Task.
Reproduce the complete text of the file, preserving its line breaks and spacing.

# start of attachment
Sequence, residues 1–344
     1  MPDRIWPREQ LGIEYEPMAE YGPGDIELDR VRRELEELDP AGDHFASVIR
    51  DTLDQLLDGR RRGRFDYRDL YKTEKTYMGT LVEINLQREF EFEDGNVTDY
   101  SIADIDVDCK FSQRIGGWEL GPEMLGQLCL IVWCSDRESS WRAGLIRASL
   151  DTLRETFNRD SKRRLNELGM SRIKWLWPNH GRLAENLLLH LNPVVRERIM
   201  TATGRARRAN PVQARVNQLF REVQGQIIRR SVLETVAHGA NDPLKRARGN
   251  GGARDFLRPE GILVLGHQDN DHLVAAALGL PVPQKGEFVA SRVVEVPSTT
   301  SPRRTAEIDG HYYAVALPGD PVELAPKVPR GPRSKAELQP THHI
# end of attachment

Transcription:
Sequence, residues 1–344
     1  MPDRIWPREQ LGIEYEPMAE YGPGDIELDR VRRELEELDP AGDHFASVIR
    51  DTLDQLLDGR RRGRFDYRDL YKTEKTYMGT LVEINLQREF EFEDGNVTDY
   101  SIADIDVDCK FSQRIGGWEL GPEMLGQLCL IVWCSDRESS WRAGLIRASL
   151  DTLRETFNRD SKRRLNELGM SRIKWLWPNH GRLAENLLLH LNPVVRERIM
   201  TATGRARRAN PVQARVNQLF REVQGQIIRR SVLETVAHGA NDPLKRARGN
   251  GGARDFLRPE GILVLGHQDN DHLVAAALGL PVPQKGEFVA SRVVEVPSTT
   301  SPRRTAEIDG HYYAVALPGD PVELAPKVPR GPRSKAELQP THHI